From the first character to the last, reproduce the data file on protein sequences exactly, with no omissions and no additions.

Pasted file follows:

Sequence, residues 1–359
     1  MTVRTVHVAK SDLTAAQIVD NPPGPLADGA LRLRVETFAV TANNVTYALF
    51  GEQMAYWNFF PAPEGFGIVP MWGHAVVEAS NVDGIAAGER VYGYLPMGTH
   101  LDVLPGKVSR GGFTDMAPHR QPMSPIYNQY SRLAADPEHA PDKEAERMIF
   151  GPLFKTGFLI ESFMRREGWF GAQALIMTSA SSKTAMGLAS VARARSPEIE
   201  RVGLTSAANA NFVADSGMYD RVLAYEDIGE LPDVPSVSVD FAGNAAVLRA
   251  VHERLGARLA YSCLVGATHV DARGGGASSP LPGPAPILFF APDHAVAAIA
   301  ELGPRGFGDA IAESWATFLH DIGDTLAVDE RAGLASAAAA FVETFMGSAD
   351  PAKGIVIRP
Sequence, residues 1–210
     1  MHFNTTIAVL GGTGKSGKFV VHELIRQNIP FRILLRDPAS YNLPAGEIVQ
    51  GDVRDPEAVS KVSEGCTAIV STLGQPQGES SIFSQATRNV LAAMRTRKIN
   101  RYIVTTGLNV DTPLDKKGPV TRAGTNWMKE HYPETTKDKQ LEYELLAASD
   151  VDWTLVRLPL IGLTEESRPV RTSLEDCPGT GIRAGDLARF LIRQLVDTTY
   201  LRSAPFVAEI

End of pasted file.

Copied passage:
Sequence, residues 1–359
     1  MTVRTVHVAK SDLTAAQIVD NPPGPLADGA LRLRVETFAV TANNVTYALF
    51  GEQMAYWNFF PAPEGFGIVP MWGHAVVEAS NVDGIAAGER VYGYLPMGTH
   101  LDVLPGKVSR GGFTDMAPHR QPMSPIYNQY SRLAADPEHA PDKEAERMIF
   151  GPLFKTGFLI ESFMRREGWF GAQALIMTSA SSKTAMGLAS VARARSPEIE
   201  RVGLTSAANA NFVADSGMYD RVLAYEDIGE LPDVPSVSVD FAGNAAVLRA
   251  VHERLGARLA YSCLVGATHV DARGGGASSP LPGPAPILFF APDHAVAAIA
   301  ELGPRGFGDA IAESWATFLH DIGDTLAVDE RAGLASAAAA FVETFMGSAD
   351  PAKGIVIRP
Sequence, residues 1–210
     1  MHFNTTIAVL GGTGKSGKFV VHELIRQNIP FRILLRDPAS YNLPAGEIVQ
    51  GDVRDPEAVS KVSEGCTAIV STLGQPQGES SIFSQATRNV LAAMRTRKIN
   101  RYIVTTGLNV DTPLDKKGPV TRAGTNWMKE HYPETTKDKQ LEYELLAASD
   151  VDWTLVRLPL IGLTEESRPV RTSLEDCPGT GIRAGDLARF LIRQLVDTTY
   201  LRSAPFVAEI